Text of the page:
It's called the Netflix for books. For just US$8.99 a month, you can read as many books as you can. Is it truly nirvana for readers? I decided to sign up for its 30-day free trial (now reduced to 14 days) to check it out.
The good stuff:
1. Besides ebooks, there are audio and graphic novels too. Unlike other subscription services like Oyster and Kindle Unlimited, subscribers get to enjoy comics and audio books. I love it. I download my audiobooks via Scribd's app and listen to them via my smartphone while I drive to work. It's as close to heaven as I can get.
2. The $8.99 you pay monthly is more than worth it. During the 30-day free trial, I consumed three audiobooks, six graphic novels and skim/read three novels. They cost more than five times the monthly subscription.
3. A huge array of titles Besides indie books, Scribd has books from major publishers such as HarperCollins, Wiley, Pearson and Random House, which gives it a significant leg up to Kindle Unlimited, which is, ironically, rather limited as it is missing five major publishers.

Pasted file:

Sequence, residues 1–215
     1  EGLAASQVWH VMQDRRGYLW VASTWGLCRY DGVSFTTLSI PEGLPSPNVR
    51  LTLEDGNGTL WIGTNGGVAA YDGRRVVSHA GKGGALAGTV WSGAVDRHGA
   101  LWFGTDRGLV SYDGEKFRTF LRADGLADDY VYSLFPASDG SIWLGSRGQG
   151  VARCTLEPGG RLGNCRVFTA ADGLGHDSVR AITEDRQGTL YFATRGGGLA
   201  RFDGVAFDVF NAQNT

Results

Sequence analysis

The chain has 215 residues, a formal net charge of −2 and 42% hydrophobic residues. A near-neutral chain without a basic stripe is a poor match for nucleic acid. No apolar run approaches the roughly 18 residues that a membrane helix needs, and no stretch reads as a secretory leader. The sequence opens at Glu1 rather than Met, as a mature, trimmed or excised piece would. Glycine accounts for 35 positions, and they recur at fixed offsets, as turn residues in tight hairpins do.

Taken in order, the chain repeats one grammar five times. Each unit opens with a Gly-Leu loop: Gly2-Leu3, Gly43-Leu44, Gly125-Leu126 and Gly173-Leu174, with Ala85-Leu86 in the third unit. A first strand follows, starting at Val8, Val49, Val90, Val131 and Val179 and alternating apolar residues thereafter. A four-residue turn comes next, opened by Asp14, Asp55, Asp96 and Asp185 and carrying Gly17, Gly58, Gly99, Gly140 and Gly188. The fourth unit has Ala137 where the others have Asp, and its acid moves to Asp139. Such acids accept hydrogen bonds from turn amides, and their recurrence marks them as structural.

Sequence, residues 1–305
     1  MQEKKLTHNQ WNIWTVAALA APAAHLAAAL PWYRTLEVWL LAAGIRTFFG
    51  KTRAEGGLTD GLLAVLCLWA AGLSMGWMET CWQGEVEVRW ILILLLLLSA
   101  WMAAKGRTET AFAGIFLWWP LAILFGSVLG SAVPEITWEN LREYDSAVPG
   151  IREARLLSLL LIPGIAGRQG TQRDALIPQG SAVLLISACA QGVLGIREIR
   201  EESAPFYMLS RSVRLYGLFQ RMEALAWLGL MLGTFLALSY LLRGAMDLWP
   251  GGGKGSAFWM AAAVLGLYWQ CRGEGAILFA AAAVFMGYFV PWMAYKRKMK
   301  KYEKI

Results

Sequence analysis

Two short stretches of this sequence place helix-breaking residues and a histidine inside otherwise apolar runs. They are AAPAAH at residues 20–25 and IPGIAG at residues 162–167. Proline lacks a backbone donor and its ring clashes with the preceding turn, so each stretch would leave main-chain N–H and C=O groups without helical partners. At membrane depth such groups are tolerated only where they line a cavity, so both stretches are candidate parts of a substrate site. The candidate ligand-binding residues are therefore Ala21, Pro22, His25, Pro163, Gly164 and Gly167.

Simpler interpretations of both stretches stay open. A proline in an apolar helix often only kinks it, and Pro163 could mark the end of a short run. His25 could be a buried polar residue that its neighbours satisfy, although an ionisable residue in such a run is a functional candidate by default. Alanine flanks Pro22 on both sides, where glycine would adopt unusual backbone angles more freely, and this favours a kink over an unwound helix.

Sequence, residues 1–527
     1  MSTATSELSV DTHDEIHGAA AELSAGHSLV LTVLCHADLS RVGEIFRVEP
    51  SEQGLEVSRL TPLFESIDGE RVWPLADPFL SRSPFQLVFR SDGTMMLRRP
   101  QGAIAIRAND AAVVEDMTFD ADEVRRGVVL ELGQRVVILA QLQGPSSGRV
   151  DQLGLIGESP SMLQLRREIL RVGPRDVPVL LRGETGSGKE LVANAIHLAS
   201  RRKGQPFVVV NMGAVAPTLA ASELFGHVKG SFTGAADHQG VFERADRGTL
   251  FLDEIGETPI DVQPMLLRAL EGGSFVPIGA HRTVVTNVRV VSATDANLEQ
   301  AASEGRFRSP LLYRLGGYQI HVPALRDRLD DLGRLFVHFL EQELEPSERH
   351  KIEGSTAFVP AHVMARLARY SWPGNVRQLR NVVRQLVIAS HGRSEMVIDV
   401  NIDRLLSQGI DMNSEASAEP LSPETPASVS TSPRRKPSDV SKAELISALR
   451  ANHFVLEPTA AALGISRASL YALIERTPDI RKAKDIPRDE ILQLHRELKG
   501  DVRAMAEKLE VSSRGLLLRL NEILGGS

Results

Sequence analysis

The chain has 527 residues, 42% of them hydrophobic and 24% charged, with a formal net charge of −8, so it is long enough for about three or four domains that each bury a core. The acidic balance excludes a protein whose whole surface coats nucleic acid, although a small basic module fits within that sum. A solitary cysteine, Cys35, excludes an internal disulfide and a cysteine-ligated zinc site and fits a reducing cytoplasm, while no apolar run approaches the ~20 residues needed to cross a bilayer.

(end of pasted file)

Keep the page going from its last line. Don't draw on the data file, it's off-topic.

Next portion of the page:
4. You can borrow an unlimited amount of books with no time limit Unlike Kindle Unlimited which limits you to ten titles at a time, you can borrow as many books/media as you like on Scribd.
The bad stuff
1. It may not be around forever. It's awesome what Scribd is doing, but just how is it funding the service? How can it, for one, compensate authors and publishers fairly and yet have readers pay less for what the books are worth? I have serious doubts that this business model is sustainable, especially after ...
2. Scribd removed romance and erotica novels from its catalog. Romance readers are notoriously voracious readers. And they were reading Scribd dry. The company has come out to say that it has to "adjust the proportion of titles across genres to ensure that we can continue to expand the overall size and variety of our service." Translation: It wasn't sustainable to keep things as they were. But is it a good move to cut out a huge pie of the fiction market?
3. If you dislike reading on a computer screen, tablet or a smartphone, this isn't for you. I always read something before I sleep. I've never had a problem reading via e-Ink devices. But reading a bright, led screen tablet? It isn't going to do my circadian rhythms any good. During my one-month trial, I stuck to graphic novels and audiobooks. If I ever do subscribe to Scribd, I would not be reading many long-form fiction.
4. You don't get to keep the books. By the end of the year, you would've spent about $108 on Scribd. You may not like the idea of spending so much and yet not even owning a single book.
What do you think about Scribd? Would you subscribe to the service?